The Acupuncturist's Problem
I want share with you some observations and insights into what seems to be the most common problem my colleagues in the acupuncture profession struggles with. If you also struggle with this problem, I hope you get a valuable "aha" moment from reading this.
Talking to Patients About Lumbar Facet Denervation (Medial Branch Neurotomy)
Lumbar facet denervation, more appropriately termed medial branch neurotomy (MBN), is a procedure that may be considered when patients suffer from recalcitrant non-radicular axial back and/or leg pain.
A House Divided?
The American Chiropractic Association's House of Delegates voted on 30 resolutions at its annual business meeting in Washington D.C., but two in particular took immediate center stage due to their controversial nature.
March, 2002, Vol. 02, Issue 03
Education Takes Center Stage at Annual Council of Schools Meeting
By Editorial Staff
Tiffany M. Field, PhD, founder of the Touch Research Institute at the University of Miami Medical School, was the keynote presenter at the AMTA's 2002 Leadership Conference and Annual Meeting of the Council of Schools (COS), held January 22-26 in Tucson, Arizona.Dr. Field, a long-time supporter of research-backed factual findings that support the efficacy of massage, spoke about ongoing broad-based research programs in collaboration with other doctors in the fields of obstetrics, pediatrics and pharmacology.
An international group of massage and bodywork school owners and administrators met and discussed a variety of education-related topics. An entire day was dedicated to understanding competency-based education. A workshop entitled, "Competency-Based Education: What Is It? How Does It Work? Why Is It Relevant to Massage Therapy Education?" was facilitated by educator/teacher Judith McDaniel, PhD, who has designed evaluation processes that allow students and employers to determine competency in a variety of skills.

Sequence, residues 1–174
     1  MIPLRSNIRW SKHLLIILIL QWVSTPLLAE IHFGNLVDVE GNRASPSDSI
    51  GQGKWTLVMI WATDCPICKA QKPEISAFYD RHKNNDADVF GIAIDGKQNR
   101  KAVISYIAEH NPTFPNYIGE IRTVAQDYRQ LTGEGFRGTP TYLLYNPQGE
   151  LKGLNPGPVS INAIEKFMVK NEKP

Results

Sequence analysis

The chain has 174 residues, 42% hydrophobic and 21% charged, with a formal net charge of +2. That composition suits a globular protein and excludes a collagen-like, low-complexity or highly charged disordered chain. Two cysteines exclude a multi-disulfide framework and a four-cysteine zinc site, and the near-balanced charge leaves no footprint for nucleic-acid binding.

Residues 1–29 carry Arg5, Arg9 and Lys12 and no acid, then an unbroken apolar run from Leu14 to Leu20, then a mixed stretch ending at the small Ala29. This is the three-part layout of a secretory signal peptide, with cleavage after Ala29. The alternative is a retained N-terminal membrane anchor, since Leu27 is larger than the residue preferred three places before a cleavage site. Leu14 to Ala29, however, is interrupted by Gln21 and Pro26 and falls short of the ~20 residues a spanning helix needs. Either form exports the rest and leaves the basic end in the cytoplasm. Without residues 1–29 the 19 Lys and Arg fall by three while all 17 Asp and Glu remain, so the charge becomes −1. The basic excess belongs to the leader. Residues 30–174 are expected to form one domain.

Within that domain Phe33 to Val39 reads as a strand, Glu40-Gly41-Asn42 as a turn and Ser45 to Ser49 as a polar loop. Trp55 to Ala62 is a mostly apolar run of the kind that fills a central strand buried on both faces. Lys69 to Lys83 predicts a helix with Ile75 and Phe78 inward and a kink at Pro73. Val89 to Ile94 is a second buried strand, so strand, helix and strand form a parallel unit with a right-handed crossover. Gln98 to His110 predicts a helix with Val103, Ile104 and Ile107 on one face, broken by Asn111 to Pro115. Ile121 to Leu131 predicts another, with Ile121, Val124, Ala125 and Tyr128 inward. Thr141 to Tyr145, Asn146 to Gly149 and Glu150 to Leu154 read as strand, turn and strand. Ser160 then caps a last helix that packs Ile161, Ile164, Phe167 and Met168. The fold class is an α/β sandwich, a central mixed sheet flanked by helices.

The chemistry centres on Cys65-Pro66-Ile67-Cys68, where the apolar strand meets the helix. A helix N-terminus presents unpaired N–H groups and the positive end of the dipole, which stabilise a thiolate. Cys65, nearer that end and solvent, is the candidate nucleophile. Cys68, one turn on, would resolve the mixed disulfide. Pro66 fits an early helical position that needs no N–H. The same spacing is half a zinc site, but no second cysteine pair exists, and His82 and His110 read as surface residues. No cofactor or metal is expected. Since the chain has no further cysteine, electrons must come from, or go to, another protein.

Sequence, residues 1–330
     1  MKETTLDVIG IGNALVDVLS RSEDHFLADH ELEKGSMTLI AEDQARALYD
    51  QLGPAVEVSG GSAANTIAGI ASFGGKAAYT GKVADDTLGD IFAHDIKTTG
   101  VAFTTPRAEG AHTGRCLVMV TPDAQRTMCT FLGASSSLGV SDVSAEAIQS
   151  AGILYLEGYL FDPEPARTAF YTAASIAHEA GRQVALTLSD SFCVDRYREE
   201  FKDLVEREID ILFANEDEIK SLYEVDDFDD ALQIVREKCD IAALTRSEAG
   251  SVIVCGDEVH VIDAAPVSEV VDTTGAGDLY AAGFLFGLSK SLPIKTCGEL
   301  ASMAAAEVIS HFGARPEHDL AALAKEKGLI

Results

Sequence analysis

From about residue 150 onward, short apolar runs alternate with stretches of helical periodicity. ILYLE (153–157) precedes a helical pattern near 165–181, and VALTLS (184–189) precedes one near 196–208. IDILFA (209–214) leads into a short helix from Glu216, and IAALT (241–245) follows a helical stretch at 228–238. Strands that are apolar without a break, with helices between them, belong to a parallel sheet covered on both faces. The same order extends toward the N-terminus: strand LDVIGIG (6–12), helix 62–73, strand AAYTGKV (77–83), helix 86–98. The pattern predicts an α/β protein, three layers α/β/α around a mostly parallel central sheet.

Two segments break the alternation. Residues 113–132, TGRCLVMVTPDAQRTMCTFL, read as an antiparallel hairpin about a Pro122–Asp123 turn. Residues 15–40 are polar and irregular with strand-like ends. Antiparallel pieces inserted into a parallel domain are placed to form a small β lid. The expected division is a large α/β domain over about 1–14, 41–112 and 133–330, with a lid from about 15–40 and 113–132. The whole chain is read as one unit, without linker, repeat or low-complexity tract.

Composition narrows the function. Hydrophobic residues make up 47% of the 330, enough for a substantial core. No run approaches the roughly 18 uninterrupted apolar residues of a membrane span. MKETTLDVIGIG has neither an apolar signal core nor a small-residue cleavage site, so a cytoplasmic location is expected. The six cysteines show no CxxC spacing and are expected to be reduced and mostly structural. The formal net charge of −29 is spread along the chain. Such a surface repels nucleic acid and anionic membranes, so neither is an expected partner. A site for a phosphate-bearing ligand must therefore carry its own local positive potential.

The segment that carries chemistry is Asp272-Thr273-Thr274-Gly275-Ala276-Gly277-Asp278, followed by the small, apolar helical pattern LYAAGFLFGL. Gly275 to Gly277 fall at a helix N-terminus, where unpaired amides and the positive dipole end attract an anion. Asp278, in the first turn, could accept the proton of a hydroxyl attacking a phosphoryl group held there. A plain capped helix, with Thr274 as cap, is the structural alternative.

A competency-based panel presentation and competency-based discussion groups followed her workshop. The discussion groups grappled with issues such as testing for competency and creating a curriculum for competency.
Elections also were held at the annual meeting. The current officers of the council are:
In an interview, Peggy Smith, president of the 300+ member council, indicated that she felt that the opportunity for school owners to network among themselves was the most important aspect of the COS. She mentioned that she has always derived value from being able to sit down over lunch with her peers and share how problems are solved and how progress is evaluated. She felt strongly that this sharing of experiences was beneficial for the massage therapy profession as a whole, in that it allowed for an elevation of the quality of educational programs and a greater ability for meaningful interaction with students on administrative issues such as alternative financing/financial aid, admissions policy and professional behaviors.
Smith indicated that she felt the discussions on competency-based education were particularly pertinent to educators today, as there is continuing debate in the profession concerning hours of education required for entry level practice. She indicated that it was likely that trends in the evaluation of competencies could be a consensus-building step in changing the paradigm from hours to outcomes. She mentioned that the profession continues to deal with the issues of what makes a good/great massage therapist, and how outcomes can be measured. She urged all schools to explore refreshed curricula that incorporate competency-based education, because she feels it allows for accountability in the quality of graduates.
In addition to its annual leadership conference, the COS convenes an annual teachers' conference each summer. This year's conference is scheduled for August 1-4, 2002 in St. Paul, Minnesota.
School owners and directors have several opportunities each year to network: